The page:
Merantau (2009)

Directed by
7/10 - Not as good as ONG BAK
Reviewed by Simon on 2012-10-16

A young village boy travels to Jakarta to perform his Merantau, a rite of passage where he must prove himself and become a man. He hopes to earn a living teaching the martial art of Silat, but on the bus journey down an older man warns him that this will not be sufficient, and he will have to find another source of income. He quickly finds that Jakarta is not like the village, but is instead full of vice and crime. A chance encounter with a young pickpocket and his gogo dancer sister brings him into conflict with a group of local gangsters, with inevitable results.

The plot to Merantau is reminiscent of that of Thailand's Ong Bak, and it is clear that the aim was to produce a similar film, exploiting the talents of local martial artist Iko Uwais in the hopes of producing Indonesia's own version of Tony Jaa. The film starts off pleasantly enough, but what we're waiting for is of course the action. It's not long before young Yuda gets involved in a chase, and our anticipation builds for a showcase of the kind of athletics and stunts that first impressed us in ONG BAK... but we are to be disappointed. After running down a few narrow alleyways the chase is over, our jaws remain undropped.

A short while later Yuda gets involved in a fight with some gangsters... again anticipation builds as we expect him to unleash a storm of fury... and again we are disappointed, as he soon ends up bruised and bloodied on the floor.

"Just kidding", the film says, as Iko Uwais picks himself up and the music builds dramatically, as he heads into a gogo bar for round two. Things finally kick off, as Yuda pounds his opponents with fast, hard Silat techniques... but it's all over much too quickly.

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Hmmm, is it possible that we were mistaken? That Gareth Huw Evans has not seen ONG BAK or is not hoping to produce a similarly impressive showcase for Indonesia's native martial arts styles? I don't think we are, but in MERANTAU he seems rather more focussed on developing the story than is appropriate - could he be under the delusion that it actually matters? Or that it is even remotely original? Hard to imagine.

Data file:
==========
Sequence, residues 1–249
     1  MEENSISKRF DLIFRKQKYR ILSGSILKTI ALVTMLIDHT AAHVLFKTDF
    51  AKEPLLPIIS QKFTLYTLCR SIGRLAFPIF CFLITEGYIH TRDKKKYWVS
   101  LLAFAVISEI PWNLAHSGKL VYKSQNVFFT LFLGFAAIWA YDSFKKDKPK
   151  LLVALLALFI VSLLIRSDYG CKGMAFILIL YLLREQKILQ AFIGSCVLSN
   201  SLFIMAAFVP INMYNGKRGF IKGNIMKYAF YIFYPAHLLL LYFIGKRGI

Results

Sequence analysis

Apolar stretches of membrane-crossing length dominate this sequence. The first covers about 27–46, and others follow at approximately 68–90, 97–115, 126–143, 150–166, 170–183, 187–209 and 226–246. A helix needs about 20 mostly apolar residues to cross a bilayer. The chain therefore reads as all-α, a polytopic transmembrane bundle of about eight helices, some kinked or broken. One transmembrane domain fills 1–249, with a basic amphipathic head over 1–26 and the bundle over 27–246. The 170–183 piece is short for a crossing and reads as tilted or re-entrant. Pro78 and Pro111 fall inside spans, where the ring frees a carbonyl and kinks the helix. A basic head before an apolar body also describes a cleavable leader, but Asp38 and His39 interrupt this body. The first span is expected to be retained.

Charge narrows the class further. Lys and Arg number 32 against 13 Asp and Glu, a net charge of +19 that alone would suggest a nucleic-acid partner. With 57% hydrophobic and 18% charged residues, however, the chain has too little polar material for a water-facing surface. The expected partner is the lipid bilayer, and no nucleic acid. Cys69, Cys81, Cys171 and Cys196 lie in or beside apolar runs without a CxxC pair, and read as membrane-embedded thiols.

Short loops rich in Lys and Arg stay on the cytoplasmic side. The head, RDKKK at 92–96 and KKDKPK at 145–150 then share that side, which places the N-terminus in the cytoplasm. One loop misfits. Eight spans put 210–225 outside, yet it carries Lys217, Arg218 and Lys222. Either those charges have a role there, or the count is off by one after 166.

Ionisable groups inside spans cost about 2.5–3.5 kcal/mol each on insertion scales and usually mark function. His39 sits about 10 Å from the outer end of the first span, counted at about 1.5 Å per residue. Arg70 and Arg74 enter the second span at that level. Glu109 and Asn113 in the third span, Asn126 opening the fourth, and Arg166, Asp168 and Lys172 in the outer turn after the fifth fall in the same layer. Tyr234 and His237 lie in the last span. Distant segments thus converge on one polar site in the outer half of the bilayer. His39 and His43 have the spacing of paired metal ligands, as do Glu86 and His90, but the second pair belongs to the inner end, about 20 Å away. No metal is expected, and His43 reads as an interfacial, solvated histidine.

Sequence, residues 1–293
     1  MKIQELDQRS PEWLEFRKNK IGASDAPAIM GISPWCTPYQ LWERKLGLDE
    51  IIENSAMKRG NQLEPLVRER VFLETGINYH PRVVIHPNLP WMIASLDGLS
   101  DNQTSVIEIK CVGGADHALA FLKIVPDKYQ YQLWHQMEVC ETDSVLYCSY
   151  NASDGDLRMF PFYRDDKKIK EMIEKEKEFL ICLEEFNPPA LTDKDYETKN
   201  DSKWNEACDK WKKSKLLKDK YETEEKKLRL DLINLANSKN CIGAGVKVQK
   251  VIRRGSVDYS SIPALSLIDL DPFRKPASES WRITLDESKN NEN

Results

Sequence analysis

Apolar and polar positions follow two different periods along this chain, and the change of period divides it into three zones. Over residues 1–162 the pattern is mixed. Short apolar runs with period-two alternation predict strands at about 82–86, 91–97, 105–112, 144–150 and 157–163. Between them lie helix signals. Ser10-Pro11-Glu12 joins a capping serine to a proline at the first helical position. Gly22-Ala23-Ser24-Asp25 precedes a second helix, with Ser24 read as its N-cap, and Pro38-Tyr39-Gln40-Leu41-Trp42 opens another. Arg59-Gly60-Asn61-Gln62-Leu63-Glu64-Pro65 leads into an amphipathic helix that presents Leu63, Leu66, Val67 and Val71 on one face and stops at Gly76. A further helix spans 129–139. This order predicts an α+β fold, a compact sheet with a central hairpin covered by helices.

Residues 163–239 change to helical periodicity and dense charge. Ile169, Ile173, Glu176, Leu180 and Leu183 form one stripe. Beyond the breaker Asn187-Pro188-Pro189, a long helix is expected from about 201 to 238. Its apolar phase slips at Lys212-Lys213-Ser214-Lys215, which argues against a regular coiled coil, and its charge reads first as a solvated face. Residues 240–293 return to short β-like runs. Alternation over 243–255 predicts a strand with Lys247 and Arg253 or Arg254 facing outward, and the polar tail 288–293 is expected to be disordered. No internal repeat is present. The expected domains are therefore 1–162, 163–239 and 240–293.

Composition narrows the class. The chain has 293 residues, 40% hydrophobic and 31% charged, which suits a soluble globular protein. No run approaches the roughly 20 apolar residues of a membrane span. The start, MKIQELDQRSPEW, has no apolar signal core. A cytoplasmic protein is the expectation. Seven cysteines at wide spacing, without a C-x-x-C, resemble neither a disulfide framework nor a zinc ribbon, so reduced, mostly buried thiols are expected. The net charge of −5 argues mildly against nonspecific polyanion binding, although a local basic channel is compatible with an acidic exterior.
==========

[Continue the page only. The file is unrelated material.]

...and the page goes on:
Smatterings of action break out fairly regularly from this point in the film, but it's not until past the one hour mark that the film really lets loose, and we really get what we came for - the last twenty or thirty minutes are almost unbroken action, with a series of fights giving Iko Uwais a chance to show off his skills in Silat - and might impressive they are. The fights are fast, technically sophisticated and full-contact. Things build in intensity until a climactic boss fight that goes on for a long time, and delivers the martial arts junkie adrenalin kicks that any sensible person was presumably seeking when they bought the film.

So, those looking for Indonesia's answer to ONG BAK won't walk away from MERANTAU disappointed, but neither will they walk away with their jaws dropped and their legs wobbling. There are some great fights and stunts, but not the same quantity or quality as those in ONG BAK (we are at least spared the double take editing though). MERANTAU also lacks ONG BAK's playful humour, the tongue-in-cheek acknowledgement that the videogame-like narrative is really just an excuse that ties the action scenes together.

Still, as a first step into the world of martial arts films for the director and star alike, it is by no means a poor effort - and if it brought them the funding and self confidence to make the altogether more wonderful The Raid: Redemption a year or two later, nobody could possibly argue that its existence is a bad thing.

Special mention must go to the westerners in the film... after decades of suffering truly appalling performances from caucasians in Asian movies it's refreshing to see a couple of white faces who are really good in their roles. I suppose that having a director who speaks the same language and can tell whether you're acting really badly in it or not helps :-)

Crew

Director
Action Director
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